So, yes – part of the work we do with NJOP is educating the people on the issues so they can in turn see who the right choice may be.  

So we’re trying to get that message out: educate on who the right candidate is, who is the right group you can work with. And if you want to share your voice, come to a group like the New Jersey Organizing Project. Because we can put all those voices together and speak very loudly.

You’re at the top of a slate, what does it mean to be doing politics differently in New Jersey and engaging people in the process?

“This is the first time I’ve run a campaign. I would never consider myself a politician, I’ll never have to call myself a politician, so they way I’m approaching this is how I’ve done everything in life, and over the last few years: I get the community involved. I need their voices, because this isn’t just me, and that my council would be running Stafford Township – this is the people running Stafford Township.

What’s nice about our ticket is it is a diverse ticket. For the council candidates have three men and three women. We all come from different age groups and different backgrounds – two lawyers, a tax advocate, an information technology specialist, a retired teacher, and I have quite a diverse background myself on all the various things I do, especially with my volunteer work and community organizing.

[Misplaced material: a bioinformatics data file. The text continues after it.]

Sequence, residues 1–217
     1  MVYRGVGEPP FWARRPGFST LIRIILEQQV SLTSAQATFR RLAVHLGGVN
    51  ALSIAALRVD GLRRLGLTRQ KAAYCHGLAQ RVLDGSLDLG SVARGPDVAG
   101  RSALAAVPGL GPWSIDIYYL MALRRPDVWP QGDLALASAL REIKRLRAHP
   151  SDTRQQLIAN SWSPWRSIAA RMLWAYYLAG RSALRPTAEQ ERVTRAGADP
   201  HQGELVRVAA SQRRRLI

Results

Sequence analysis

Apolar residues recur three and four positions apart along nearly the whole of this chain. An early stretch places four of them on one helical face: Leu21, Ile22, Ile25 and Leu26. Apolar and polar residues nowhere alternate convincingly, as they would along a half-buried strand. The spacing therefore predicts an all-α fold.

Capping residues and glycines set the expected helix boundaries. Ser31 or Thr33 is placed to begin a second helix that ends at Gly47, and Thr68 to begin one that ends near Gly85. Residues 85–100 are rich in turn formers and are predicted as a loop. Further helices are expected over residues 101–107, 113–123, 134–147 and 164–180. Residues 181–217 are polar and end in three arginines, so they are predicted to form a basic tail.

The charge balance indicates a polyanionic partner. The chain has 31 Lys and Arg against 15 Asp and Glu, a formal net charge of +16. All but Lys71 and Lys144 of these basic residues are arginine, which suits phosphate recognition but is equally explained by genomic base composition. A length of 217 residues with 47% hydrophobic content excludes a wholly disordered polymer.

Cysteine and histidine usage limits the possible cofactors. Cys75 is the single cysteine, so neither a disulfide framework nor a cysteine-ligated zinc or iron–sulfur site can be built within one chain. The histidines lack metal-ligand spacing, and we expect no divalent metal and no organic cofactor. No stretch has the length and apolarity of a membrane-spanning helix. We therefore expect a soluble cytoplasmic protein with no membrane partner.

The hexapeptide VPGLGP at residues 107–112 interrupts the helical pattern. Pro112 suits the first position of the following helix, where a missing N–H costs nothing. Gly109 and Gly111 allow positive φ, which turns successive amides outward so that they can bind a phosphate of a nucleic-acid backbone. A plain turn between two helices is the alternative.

So we represent a bunch of different areas where we have expertise. What brings us together is we’re all community oriented: we’re always looking for the best interests in our community, we’re always volunteering our time, trying to make a positive impact in town.

You know what you need – I can’t just sit there and come up with ideas and say, “hey, this is great for the town” – you have to tell me what’s good. But then I’m going to challenge you to get involved and help us in that process, bringing this town forward, to satisfy your needs and make sure everyone is treated equally and fairly in Stafford Township.

We’re going to be the voice of the people. And as I’ve been telling people, when you vote for me and my team, you’re voting for yourselves. Because the only way I know how to do this is by getting you involved, and we work together as a team for this community.“